Whether we realize it or not the future is always uncertain. And it always was and always will be. Like it or not, we never know what is ahead.
What changes is our imagination of the future. Because the future is unknown, we must come up with something to fill the void. We abhor uncertainty.
To fill the void, we come up with stories – often together with others. Today, we are awash in shared imagined stories of the future.
What we overlook is that those stories all precisely mirror how we feel. They are reflexive not predictive. They are a much better assessment of how we feel than they are an accurate read of what is to come.
Anytime we tell ourselves extremely positive stories that reflect extreme certainty and control ahead, we need to recognize that we are being overconfident. Moreover, we are likely to take actions that reflect those feelings. We will take too much risk than we should.
And it’s the same at the other end of the Confidence Spectrum. When we are underconfident, we imagine too little certainty and too much powerlessness than there is likely to be ahead.
And the consequences are many. We’re too pessimistic. We overthink. We turn more inward and are less social. We lose our drive to move forward. Moreover, in comparison to others, we feel less than and sadly in every way.
Our underconfidence confines us. We feel trapped in a cage of relentless uncertainty and powerlessness. Like passengers on a highly turbulent flight, we want off the plane.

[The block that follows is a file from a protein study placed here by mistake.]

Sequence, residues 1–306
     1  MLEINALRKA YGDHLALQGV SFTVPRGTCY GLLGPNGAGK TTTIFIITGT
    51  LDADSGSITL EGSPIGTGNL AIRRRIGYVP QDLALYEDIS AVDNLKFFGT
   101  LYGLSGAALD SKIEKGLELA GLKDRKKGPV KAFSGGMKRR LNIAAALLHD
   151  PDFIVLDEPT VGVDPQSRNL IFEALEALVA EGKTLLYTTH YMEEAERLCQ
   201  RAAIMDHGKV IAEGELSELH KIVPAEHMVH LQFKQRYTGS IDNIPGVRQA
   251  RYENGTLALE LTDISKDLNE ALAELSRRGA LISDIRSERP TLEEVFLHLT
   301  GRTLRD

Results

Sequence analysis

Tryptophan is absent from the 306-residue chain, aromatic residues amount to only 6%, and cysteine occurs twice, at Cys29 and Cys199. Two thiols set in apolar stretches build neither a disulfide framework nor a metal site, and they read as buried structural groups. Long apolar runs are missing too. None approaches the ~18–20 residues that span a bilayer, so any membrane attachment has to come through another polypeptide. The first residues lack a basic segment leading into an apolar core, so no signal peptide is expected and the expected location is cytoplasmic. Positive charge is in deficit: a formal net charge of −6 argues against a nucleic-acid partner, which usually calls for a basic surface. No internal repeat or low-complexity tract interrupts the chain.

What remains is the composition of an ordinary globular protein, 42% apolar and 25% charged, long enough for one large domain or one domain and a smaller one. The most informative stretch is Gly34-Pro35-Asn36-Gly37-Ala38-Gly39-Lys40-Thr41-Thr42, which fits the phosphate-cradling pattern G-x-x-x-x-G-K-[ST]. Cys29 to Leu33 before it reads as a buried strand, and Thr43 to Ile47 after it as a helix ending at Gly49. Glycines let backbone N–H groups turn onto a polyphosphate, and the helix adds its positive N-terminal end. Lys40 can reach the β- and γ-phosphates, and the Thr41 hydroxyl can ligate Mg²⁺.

Handling underconfidence requires us to be open to the reality that the condition exists and is routinely in our lives.
It also requires us to look at our feelings, stories and actions as objective facts – to assess them honestly not for their accuracy but for what they say about our level of confidence. Remember they are a three-way mirror.
It also means we need to let go of the stories that not having confidence is weakness – and all the self-blaming stories we tell ourselves.
Being healthily underconfident starts with being able to say, I don’t feel certainty and/or control in my life right now.
More importantly, it starts with not extrapolating those feelings into the future. That is where things get dangerous. When we catastrophize, we tell ourselves stories that our feelings of uncertainty and powerlessness will be intense and unending.
Again, while that may all feel true, it is pure confidence-driven imagination.
For what it’s worth, the early days of the pandemic were accompanied by collective catastrophize – feelings of uncertainty and powerlessness were saturating and being extrapolated in every dimension possible – and so were the stories and actions that reflected those feelings.
While we didn’t know how we would in the moment, we made it through. Little of the horror we vividly imagined happened.
We need to keep that in mind. While I am not saying it’s easy these days – especially with every other ad and news story reminding us that we “live in uncertain times” -recognizing the reality of underconfidence can help us to be more resilient.
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The Auour Investments Team